What this means for schools


First and foremost, the awareness of what your school understands as ‘Place’ will help you to better frame this customer experience and ensure brand consistency across the various touchpoints.

You can also see this as an extension of a ‘moments of truth’ exercise with your team, considering the customer journey your prospective families follow. If you haven’t run a workshop on this before, it’s something I offer online or in-person. Or you can give it a go yourself internally and use this article about the book on the topic by Brian Solis.

The points raised in ‘A Guide to Effective School Marketing’ by ISASA are relevant to both the physical and the digital worlds. The challenge is to ensure brand consistency and to optimise the two, so the outcome is more differentiated, more relevant and more likely to reach and meet the needs of your ideal customers. This is best done using market research and some strategic marketing engagements.

A few key points are:

  1. Make your Place easy to find and navigate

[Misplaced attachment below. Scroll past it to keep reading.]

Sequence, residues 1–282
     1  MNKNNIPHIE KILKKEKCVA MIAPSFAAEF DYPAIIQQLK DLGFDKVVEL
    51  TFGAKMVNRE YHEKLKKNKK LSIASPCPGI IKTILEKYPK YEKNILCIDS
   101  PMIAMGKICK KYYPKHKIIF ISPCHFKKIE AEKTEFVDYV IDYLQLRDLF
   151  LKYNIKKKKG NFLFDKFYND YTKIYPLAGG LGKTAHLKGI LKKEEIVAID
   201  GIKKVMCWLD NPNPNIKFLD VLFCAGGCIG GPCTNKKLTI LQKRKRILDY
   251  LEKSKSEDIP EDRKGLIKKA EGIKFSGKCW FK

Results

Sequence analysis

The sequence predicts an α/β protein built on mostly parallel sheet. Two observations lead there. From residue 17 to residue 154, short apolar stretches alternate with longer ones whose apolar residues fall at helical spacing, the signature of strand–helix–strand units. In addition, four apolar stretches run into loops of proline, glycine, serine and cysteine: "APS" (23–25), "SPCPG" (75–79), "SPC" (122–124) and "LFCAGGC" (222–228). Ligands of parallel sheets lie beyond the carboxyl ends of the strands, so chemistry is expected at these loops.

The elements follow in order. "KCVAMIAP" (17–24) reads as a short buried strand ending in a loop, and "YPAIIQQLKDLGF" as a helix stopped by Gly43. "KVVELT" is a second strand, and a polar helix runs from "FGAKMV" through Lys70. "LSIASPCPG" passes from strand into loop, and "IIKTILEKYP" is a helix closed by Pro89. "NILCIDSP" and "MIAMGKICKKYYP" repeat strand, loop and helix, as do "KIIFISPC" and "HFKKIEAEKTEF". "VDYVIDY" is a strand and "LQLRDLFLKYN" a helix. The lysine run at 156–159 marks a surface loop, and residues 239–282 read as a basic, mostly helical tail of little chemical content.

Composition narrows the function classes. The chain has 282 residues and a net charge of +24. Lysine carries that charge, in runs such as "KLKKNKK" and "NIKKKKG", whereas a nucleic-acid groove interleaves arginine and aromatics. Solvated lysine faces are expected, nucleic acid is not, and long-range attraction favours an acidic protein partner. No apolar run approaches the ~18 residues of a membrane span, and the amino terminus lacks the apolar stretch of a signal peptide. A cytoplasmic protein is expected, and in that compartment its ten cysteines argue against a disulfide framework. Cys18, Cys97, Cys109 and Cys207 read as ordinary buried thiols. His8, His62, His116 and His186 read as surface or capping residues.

2. Showcase your Place’s assets
  3. Monitor consumer trends in Place
  4. Offer tours of your Place – Virtual, physical and hybrid
  5. Conduct a survey on your ‘Place’
  6. Differentiate your Place from others

These points are all covered in the book, available to order on the ISASA website here.




In a digital world, is Place going to be different?


As we move more and more into a digital world, getting the balance and seamlessness between the physical and digital will be paramount. Digital marketing is not only social media, and it is not only measured by hits and leads and conversions. Schools remain people places. The ethos and values of a school form a significant part of the experience that captivates, delights and retains your ideal families.